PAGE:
South Africa’s 2012 Miners Massacre


Miners Shot Down

By Rehand Desai (2014)

Film Review

Miners Shot Down follows the Marikana Commission of Inquiry investigation into the government massacre of striking platinum miners in August 2012. Thanks to the public investigation, filmmakers gained access to secret police files and footage that totally demolishes their claim that they fired at the miners in self-defense. In total 112 miners were shot. Thirty-four of them died.

The documentary paints an extremely ugly picture of the worsening economic apartheid which followed the end of political apartheid in 1994. Prior to their 2012 strike, miners at the Lonmin platinum mine lived in abject poverty, earning an average wage of 5,000 South African rand ($US 500) a week. The 2012 strike was a wildcat strike, owing to the refusal of the corrupt Nation Union of Miners (NUM) to support miners’ demand for higher wages.

Eyewitness testimony and documentary and forensic evidence presented to the Marikana Commission leave no doubt whatsoever that orders to fire on the miners came from the highest level of government.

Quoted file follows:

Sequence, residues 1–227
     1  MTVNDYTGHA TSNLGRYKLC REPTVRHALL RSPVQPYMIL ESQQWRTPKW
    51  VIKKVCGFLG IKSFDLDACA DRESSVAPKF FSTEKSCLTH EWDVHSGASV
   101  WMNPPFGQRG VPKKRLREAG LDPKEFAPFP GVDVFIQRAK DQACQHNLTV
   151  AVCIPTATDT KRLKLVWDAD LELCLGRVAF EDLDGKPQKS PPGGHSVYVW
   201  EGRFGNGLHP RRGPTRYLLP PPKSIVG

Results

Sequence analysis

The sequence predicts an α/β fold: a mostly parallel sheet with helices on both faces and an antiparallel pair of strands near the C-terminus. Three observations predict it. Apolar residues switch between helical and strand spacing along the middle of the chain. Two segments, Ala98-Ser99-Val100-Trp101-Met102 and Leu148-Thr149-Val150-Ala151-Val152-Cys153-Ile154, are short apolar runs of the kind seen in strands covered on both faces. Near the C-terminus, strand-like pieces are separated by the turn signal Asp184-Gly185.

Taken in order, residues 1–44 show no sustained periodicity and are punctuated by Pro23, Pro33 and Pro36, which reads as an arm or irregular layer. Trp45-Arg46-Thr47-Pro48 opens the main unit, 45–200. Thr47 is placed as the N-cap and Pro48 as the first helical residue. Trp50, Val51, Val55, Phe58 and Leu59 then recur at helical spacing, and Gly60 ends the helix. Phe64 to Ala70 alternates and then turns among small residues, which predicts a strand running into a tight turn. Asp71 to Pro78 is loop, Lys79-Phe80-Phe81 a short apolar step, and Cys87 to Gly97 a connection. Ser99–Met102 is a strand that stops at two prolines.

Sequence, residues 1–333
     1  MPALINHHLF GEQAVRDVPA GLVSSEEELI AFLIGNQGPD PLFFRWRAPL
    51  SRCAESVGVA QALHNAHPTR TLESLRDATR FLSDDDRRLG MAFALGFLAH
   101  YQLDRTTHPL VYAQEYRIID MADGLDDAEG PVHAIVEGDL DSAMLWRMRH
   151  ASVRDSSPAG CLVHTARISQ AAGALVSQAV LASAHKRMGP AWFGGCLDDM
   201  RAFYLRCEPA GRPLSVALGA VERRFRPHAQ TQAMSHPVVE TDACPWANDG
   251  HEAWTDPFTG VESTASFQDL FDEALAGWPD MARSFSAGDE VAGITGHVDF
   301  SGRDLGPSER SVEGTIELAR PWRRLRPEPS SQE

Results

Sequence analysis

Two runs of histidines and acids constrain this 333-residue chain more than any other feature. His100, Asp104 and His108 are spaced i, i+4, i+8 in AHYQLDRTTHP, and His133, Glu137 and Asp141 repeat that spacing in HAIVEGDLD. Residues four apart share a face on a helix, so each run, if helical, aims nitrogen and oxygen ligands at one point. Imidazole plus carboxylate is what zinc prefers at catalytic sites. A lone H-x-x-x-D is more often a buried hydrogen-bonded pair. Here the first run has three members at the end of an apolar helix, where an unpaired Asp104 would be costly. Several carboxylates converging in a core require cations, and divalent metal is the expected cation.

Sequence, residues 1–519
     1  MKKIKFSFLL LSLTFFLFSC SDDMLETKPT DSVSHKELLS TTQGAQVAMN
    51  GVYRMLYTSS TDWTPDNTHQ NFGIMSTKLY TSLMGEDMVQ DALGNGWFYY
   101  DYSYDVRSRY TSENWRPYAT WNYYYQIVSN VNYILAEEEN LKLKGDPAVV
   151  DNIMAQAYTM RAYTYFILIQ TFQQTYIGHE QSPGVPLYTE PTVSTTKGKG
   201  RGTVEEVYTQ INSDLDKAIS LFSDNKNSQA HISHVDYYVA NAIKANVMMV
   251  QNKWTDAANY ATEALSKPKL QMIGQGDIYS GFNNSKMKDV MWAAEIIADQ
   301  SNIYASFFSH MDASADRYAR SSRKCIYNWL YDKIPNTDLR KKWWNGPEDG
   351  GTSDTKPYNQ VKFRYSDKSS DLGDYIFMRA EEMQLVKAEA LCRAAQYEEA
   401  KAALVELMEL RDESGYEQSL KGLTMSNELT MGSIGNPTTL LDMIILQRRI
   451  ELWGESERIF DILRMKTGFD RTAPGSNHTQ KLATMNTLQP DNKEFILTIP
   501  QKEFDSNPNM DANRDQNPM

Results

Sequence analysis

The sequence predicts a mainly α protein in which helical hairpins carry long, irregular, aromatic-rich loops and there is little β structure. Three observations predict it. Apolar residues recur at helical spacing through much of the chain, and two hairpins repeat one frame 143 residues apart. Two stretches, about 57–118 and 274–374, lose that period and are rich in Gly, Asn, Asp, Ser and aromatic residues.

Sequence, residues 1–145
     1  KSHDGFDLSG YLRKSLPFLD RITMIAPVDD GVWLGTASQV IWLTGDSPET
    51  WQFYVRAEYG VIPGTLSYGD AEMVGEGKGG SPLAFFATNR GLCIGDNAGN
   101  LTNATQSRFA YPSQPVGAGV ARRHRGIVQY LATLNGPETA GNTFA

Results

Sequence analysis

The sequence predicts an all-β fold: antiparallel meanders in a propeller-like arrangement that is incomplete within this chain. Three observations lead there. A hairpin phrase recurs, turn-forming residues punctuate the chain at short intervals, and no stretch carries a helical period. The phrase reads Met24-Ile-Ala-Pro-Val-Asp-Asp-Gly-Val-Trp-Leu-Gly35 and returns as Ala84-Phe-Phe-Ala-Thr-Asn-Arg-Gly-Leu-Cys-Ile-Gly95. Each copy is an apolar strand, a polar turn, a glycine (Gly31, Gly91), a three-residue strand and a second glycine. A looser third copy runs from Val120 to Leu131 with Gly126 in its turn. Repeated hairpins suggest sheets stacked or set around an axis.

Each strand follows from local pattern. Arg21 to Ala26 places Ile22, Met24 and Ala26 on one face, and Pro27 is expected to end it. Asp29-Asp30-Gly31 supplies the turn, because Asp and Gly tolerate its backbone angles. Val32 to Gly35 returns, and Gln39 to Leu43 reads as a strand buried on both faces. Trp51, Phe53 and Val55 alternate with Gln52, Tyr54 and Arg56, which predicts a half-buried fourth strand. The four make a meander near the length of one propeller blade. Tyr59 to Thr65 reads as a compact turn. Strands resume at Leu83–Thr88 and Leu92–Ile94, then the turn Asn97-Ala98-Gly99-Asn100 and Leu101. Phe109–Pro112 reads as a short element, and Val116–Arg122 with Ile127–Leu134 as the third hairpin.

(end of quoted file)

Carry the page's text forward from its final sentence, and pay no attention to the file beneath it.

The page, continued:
Among the more damning evidence is the decision by the Commissioner of Police to supply police with four mortuary vans, in addition to 4,000 rounds of ammunition. Police footage shows them ordering protesting strikers to disperse, boxing them in with razor wire and armored vehicles, demanding journalists leave and shooting down fleeing miners.

Eyewitnesses report the police repeatedly shot strikers as they were surrendering.

Following the massacre the strike lasted another four weeks, and Lonmin miners eventually won pay increases of 7-22%. The Marikana massacre prompted 100,000 miners to undertake wildcat strikes across Africa.

The Marikana Commission report, issued in June 2015, largely exonerates key government figures implicated in the massacre, and victims families plan to the case to the International Criminal Court (ICC).

270 miners have been charged with murder based on events at Marikana. No police officers have been charged.


2 thoughts on “South Africa’s 2012 Miners Massacre

    • Well, the police claimed they shot the miners in self-defense until some of their video footage was leaked. You get the impression from the film that the present ANC government is pretty corrupt – that all they cared about was preventing the strike from spreading to other minds. And it would appear the media only reports what the government wants them to.


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